There is no neighbourhood to speak of. Like most of the luxury resorts of Los Cabos, Solaz sits along the main highway, about halfway between the two towns. If you don’t plan to leave the resort, you won’t need a car, but having one makes it easier to get to other resorts, and explore further afield. I loved Flora Farms and the nearby town of San Jose del Cabo, which has galleries, taco restaurants, and a Thursday evening Art Walk held between November and June.

If you don’t feel like driving, just have your butler arrange a driver or taxi. Easy.

Service?

It is uncanny how invisible staff are except when you need them, and then poof!— they appear with a smile and a buenos dias, ready to help. Our personal butler, Rafael, was top notch, quick to respond to our need for more coffee, filtered water, and reservation requests. Staff also make it a point to address guests by name for an extra personal touch.

 

Hotel Review Solaz Los Cabos

Bliss out by the sea at Solaz Los Cabos Resort

 

Amenities?

There is almost nothing you can’t do or have here, including drive a dune buggy through a tunnel straight from the hotel’s lobby and into the desert (next time!), shop for a colourful new dress or button down shirt in the boutique, and sip a flight of Mexican wine. The Ojo de Liebre Spa has 10 private treatment rooms and two VIP couples’ rooms, with a full range of services, plus a salon for manicures, pedicures, and hair cuts, if you’re here for a special event.

Rooms are well-stocked with plenty of towels, bathrobes, coffee machines and minibars. All room categories have an outdoor space with comfortable seating for morning coffee and evening Mezcalitas, which can be made in your room— just call your butler. The Cabo Nauta Kids’ Club recently launched a ‘Night at the Museum’ experience for little ones that invites them to watch a movie amidst the giant whale bones and fossils in the onsite Gabinete del Barco Museum.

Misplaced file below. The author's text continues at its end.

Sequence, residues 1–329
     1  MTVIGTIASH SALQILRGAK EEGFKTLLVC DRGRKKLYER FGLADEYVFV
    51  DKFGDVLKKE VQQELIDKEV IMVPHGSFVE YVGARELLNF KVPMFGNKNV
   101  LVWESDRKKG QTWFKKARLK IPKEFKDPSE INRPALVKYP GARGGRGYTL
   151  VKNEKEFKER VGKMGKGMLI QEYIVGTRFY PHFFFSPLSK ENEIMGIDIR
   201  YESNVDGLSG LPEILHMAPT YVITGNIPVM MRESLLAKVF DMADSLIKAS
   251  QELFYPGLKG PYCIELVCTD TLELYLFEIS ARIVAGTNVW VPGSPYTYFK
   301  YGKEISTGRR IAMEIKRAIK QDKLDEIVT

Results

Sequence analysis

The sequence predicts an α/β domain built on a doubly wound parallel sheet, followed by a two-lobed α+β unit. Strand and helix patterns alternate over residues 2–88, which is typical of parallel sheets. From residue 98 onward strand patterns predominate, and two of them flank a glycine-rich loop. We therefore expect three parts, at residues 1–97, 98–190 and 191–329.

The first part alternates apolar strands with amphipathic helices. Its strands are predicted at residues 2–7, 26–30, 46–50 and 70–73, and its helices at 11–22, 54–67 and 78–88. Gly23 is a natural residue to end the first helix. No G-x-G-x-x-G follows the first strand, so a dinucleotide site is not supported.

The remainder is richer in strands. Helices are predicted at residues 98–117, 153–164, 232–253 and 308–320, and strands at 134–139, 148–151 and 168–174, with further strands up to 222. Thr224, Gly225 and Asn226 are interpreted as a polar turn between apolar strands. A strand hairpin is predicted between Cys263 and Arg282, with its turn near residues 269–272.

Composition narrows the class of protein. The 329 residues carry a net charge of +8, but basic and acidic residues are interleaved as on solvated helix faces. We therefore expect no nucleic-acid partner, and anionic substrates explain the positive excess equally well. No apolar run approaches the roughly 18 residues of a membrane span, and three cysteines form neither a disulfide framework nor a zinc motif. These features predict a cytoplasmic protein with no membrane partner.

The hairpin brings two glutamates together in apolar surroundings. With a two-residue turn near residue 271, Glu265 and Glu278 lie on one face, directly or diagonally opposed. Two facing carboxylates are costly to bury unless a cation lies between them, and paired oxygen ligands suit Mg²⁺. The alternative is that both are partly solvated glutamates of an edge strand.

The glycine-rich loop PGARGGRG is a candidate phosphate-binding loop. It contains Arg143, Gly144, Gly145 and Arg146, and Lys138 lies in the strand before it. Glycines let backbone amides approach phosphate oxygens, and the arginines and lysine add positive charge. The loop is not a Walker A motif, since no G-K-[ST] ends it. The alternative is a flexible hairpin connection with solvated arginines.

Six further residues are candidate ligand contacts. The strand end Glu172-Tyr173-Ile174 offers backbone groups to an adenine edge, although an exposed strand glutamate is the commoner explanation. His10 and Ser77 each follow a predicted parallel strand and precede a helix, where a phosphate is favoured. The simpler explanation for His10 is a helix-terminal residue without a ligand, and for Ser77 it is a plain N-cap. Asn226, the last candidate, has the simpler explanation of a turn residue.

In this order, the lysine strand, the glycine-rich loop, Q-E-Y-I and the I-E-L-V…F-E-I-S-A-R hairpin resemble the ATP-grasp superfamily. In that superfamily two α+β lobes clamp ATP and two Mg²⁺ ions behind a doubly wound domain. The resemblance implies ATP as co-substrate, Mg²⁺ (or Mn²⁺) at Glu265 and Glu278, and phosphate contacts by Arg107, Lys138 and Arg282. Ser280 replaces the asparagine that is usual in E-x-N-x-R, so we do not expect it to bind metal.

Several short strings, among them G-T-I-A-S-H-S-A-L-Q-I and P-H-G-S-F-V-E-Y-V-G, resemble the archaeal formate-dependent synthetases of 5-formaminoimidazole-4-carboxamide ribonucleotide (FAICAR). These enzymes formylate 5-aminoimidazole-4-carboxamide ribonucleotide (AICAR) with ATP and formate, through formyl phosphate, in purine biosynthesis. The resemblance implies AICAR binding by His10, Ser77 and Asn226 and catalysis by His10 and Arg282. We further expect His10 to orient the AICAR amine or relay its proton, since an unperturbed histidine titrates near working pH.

Green scene?

I am happy to say this place embraces an ethos of protecting the planet. Drinking water is available in recyclable cartons and there are no little plastic bottles of shampoo and conditioner in the showers. It’s also okay to ask for “house water”. It’s filtered, served in glass bottles, and I consumed it with no problem.

What stood out at Solaz was the landscaping. Not a palm tree in sight! Why? All the flora is endemic to the Baja desert, and extremely drought tolerant. The resort’s green roofs, noticeable from above, were designed to look like a cascading hillside to help it blend in with the surroundings while having the added benefit of keeping rooms extra cool during Cabo’s hot days.

Restaurant menus favour local farmers, artisans and fishermen who supply the fresh, organic and sustainably-sourced ingredients.

 

Hotel review solaz

 

Any Pet Peeves?

I have no complaints. Zero. Nada. My only suggestion would be to make the menu at Baja Beach—an airstream on the sand below Maka — a little less fancy. We had to ask for explanations of several of the ingredients.

A simple grilled-meat-and-fish-tacos menu and ceviche-on-the-sand vibe with some lively Mexican music would have been a winner in my book.

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Hotel Review by Kimberley Lovato

Find more hotel reviews here

Interested in a review? Contact editor@beseeingyou.world

 

 

Photos courtesy of Solaz, except where noted

Kimberley Lovato
Kimberley Lovato writes about food, lifestyle, hotels, and adventure from California, but loves to hit the road in search of a good story. Her bylines have appeared in the New York Times, National Geographic Traveler, AARP, Virtuoso: The Magazine, Robb Report, HemispheresShondaland, Ciao BambinoCN Traveler and many other print and online publications. A lifelong Francophile, Kimberley spent several months a year sipping champagne and exploring  "l’Hexagone from her pied-a-terre on the Cote d'Azur. She’s also the author of a culinary travel book about the Dordogne region of France, which received a Gold Lowell Thomas Award from the Society of American Travel Writers.  When she’s not booking plane tickets or practicing French verb conjugation, she’s writing children’s books, sailing, hiking, cooking, and forever contemplating why it’s so hard to keep her basil plant alive. www.kimberleylovato.com Instagram: @KimberleyLovato